What Is The Full Form Of LIFO?
The full form of LIFO is Last In First Out.
LIFO is one of the methods of processing data. It is the opposite of FIFO. LIFO works on the principle that the items that entered the last are the first to be removed. Computers sometimes deploy the method when extracting data from the data buffer or an array. Whenever a program needs access to the most recently entered information, the system deploys this LIFO method. On the contrary, the FIFO method (First In First Out) comes into play when a program needs to retrieve information in the order of its entry.
Technically, LIFO works on the principle that the last element stored will be the first to be removed. It happens by inserting the recent element above the existing one. This way, the newest one gets removed from the top. And the oldest element (that the operation encountered first) gets out at the last because it stays at the bottom.
Characteristics of LIFO
- The LIFO principle is very effective in implementing Stack. It is a linear data structure.
- You can both- add and remove elements from the same end.
- The end in LIFO is known as the top.
- The utilization of memory varies with each operation. So, the memory consumed has no fixed amount.
- It requires no fixed size for consuming memories.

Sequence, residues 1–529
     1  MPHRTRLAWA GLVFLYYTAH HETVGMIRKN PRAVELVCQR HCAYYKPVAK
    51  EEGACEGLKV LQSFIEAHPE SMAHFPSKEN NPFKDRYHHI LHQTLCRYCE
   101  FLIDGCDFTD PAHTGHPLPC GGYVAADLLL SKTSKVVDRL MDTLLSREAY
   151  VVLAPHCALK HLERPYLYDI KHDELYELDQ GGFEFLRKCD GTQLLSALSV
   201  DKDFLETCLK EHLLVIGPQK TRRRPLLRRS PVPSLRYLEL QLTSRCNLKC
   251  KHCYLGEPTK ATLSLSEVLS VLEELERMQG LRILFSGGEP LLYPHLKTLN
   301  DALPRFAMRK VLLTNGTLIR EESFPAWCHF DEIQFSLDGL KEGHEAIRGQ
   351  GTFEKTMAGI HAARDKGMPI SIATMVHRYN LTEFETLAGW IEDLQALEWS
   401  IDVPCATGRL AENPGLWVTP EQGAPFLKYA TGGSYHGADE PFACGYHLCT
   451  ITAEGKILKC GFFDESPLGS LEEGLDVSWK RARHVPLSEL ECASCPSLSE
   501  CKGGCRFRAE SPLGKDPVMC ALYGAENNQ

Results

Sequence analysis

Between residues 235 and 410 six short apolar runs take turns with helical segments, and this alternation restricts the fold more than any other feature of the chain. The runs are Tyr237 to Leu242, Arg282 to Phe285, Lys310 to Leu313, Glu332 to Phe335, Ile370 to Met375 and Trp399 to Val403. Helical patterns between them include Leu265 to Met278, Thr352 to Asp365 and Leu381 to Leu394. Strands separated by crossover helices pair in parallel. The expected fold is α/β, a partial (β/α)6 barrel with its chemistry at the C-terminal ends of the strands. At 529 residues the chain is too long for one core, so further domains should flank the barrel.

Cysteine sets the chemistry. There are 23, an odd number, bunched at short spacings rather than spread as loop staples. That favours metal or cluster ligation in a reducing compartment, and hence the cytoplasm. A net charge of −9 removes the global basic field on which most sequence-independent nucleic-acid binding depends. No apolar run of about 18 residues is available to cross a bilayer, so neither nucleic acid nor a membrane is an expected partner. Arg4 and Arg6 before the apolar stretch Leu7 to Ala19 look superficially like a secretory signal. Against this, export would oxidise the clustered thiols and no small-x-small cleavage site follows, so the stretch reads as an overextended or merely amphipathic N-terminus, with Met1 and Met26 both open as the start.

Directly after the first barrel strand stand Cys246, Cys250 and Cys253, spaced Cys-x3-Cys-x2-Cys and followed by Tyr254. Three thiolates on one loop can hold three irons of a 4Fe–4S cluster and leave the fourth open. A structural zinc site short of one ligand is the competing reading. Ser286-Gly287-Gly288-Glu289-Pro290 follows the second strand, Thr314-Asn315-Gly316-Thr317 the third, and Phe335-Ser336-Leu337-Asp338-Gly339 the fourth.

- The LIFO approach comes into play in computing as a queuing theory. It refers to how various data structures store the items.
One can perform these general operations on a Stack data structure:
- Push operation – This term means that you can insert an element at the top of the stack.
- Peek operation – It means that you can return the topmost element without having to delete it from the stack.
- Pop operation – This term means you can remove the element from the top of the stack.
Where To Use LIFO?
- Data Structures – Some data structures preferably use the LIFO approach for processing data. Such structures include Stacks and their other variants.
- Extracting latest information – Computers may also sometimes use LIFO when a user needs to extract data from a data buffer or an array. The LIFO approach works the best when it is required to get the most recently entered information.
Benefits of LIFO
- The process is reasonably easy to understand as well as implement.
- LIFO can be used in various real-world applications, such as the undo-redo operation, reversing a string, and function calls.
- The very first element to enter under this approach gets out last.
- LIFO helps a user process the newest item without waiting for the rest of the operations to get over.
Limitations of LIFO
- One cannot access random elements because LIFO only supports the methodology of Last In First Out.
- This method is not very flexible.
- Elements and items that entered first may starve as the system processes the recent ones.